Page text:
Monday, July 28, 2014

Being in the moment - do young people know how to experience concerts anymore?

I went to see Queen with Adam Lambert two weeks ago. It was, in a word, AWESOME. 
I'd seen Queen a while back with Paul Rodgers from Bad Company on vocals but I have to say that Adam Lambert blew Paul Rodgers out of the water when it comes to being a Freddie Mercury replacement. He's got the vocal chops and the flair.

I was particularly thrilled because they played one of my favorite songs from A Night At The Opera, '39.

By the way, did you know that Brian May is actually Dr. Brian May (and it's a real doctorate, not a fake one like so many folks have been exposed as having here in CT in recent weeks)  with a degree in Astrophysics? I love it that one of my favorite musicians is so brainy. 

But there was one moment I found really depressing at the concert - and I wondered how Dr. May felt about it as the performer on the stage. He had this cool "guitar cam" rigged up to the neck of his guitar, so we could see his lightning fast fingers move during guitar solos. When he walked down the runway into the audience and stood playing right there, in front of them, only feet away, what did the guitar cam capture? Excited, exhilarated people entranced by the music? No. Rows and rows of fricking CELL PHONES recording the experience for later. 

I thought about the few times I've been lucky enough to be in the front rows of concerts. I was front row at the Palladium for Carlos Santana when I was in high school, and it was MAGIC. Okay we didn't have cell phones then, because I AM OLD, but even if we did, I was so INTO THE MUSIC, so completely involved with the wonder of the experience, that I can't imagine just holding the thing up and recording instead of just being there and feeling the music and grooving.  Also, Carlos Santana smiled at me!!!! Would that have happened if he'd seen my cell phone instead of my rapturous, smiling face?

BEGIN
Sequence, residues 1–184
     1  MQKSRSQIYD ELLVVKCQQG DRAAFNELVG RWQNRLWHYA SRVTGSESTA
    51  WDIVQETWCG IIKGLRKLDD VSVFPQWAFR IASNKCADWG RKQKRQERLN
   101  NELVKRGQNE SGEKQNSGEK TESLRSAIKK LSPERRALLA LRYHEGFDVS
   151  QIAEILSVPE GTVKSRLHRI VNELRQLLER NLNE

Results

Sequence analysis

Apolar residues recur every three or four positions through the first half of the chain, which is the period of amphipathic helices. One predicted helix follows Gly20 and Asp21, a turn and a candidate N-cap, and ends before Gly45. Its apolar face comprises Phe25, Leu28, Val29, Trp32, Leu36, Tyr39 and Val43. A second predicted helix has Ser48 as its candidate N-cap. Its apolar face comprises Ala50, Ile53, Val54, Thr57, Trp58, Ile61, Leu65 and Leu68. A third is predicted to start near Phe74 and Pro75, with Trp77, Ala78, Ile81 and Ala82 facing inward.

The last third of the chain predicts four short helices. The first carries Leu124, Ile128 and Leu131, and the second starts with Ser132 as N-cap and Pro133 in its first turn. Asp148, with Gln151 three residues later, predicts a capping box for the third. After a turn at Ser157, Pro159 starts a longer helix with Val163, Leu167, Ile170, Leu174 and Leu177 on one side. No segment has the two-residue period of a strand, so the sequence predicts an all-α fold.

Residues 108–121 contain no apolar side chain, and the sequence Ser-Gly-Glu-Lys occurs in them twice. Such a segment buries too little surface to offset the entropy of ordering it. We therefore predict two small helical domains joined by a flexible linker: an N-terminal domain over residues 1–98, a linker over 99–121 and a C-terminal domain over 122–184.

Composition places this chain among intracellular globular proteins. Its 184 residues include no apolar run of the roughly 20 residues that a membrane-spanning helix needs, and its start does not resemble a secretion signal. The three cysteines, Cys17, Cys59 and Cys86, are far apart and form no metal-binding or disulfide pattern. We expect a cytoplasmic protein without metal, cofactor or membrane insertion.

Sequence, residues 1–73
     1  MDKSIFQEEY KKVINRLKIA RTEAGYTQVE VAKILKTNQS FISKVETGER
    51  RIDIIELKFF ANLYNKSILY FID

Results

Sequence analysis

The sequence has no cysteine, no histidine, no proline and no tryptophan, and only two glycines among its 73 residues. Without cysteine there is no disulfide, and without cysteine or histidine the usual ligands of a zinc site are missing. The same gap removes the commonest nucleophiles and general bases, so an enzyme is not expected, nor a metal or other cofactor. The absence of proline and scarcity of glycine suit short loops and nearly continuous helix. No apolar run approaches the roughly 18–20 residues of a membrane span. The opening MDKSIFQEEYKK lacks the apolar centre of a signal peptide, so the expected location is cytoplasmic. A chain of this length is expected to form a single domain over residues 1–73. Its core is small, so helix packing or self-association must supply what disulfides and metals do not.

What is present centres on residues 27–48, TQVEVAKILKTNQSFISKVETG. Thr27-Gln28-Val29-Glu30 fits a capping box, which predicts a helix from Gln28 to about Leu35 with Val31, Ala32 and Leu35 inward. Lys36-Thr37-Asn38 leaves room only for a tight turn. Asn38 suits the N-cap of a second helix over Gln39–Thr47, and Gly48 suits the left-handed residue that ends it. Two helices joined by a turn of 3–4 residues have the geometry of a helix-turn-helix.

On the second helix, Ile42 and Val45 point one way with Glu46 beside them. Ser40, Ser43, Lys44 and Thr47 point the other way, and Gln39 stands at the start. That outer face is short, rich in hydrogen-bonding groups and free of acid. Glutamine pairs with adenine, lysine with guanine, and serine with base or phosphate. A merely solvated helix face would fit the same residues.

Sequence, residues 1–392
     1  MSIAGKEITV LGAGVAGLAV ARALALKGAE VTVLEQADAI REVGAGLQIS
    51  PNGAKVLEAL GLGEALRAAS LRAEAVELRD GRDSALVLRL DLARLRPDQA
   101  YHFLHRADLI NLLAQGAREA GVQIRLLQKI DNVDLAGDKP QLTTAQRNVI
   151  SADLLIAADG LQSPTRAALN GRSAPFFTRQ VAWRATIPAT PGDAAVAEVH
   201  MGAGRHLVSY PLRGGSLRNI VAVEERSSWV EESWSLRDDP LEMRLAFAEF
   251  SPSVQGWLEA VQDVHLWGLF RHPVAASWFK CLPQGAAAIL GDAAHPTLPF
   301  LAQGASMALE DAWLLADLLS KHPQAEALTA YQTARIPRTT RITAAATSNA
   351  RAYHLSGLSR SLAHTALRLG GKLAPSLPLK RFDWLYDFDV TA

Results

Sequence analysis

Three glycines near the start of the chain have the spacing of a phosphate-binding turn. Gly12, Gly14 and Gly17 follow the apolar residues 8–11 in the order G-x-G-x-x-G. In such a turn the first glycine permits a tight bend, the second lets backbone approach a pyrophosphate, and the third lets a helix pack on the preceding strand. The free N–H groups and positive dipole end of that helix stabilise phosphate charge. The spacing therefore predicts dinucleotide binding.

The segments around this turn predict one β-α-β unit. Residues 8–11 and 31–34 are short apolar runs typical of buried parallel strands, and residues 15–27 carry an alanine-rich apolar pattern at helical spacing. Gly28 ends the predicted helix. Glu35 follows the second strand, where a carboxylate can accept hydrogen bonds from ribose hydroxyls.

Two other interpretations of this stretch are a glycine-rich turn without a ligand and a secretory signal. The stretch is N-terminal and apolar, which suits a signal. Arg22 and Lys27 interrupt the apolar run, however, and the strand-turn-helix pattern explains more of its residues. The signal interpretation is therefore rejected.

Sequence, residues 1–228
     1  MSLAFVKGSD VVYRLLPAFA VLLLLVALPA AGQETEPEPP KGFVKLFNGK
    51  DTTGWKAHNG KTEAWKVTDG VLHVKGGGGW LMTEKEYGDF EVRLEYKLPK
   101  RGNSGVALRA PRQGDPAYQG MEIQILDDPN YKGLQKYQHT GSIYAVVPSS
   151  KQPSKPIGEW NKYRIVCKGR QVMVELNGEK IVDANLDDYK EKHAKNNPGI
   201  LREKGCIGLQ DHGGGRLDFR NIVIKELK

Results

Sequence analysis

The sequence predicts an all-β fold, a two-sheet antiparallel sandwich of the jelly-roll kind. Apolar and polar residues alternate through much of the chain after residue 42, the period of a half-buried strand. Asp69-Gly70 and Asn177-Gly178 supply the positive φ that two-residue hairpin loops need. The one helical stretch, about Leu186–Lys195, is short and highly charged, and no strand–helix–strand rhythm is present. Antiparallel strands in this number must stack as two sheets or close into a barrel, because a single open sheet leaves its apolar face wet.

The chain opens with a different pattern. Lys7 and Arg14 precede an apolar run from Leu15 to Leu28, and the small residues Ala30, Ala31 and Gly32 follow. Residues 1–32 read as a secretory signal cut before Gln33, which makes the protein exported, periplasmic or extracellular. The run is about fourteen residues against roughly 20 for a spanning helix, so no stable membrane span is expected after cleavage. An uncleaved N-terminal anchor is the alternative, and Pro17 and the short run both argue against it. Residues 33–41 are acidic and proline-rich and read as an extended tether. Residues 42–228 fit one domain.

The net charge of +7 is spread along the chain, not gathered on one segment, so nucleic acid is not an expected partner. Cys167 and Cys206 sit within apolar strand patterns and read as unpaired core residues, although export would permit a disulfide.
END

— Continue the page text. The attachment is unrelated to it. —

Carlos Santana vintage 1978, around when I saw him, front row

I wonder how it must feel to be playing the Garden and instead of seeing the excited faces to see people just standing their with their cell phones. I can't help thinking that being a titan of Rock isn't what it used to be. It makes me understand why Robert Plant continues to steadfastly refuse another Led Zeppelin reunion (as much as I'd be tempted to remortgage my house to get tickets if he changes his mind).  

My friend Adam Bernard (keep an eye out for his hot self in my upcoming novel, BACKLASH) wrote a great piece on The First Three Songs Rule, and how it should become universal concert law. 
Here's Adam:
You go to a concert to have an experience, to enjoy a band you love, and to create a memory. The problem these people have is that they’re so busy trying to capture the moment that they don’t spend any time creating a memory to associate with it. Sure, they have a hundred pics from the concert they just went to, but, “Remember the time I held my arm up for 45 minutes” is not a good concert memory.
This. So much this!

Kids, take a picture or two then put the phone away. Let the music fill your soul. Be in the moment. And maybe, when you're middle aged like me, you'll remember the time that amazing guitar player whose records (okay, you don't listen to records, but you know what I mean) you played so many times the grooves got worn, SMILED AT YOU.

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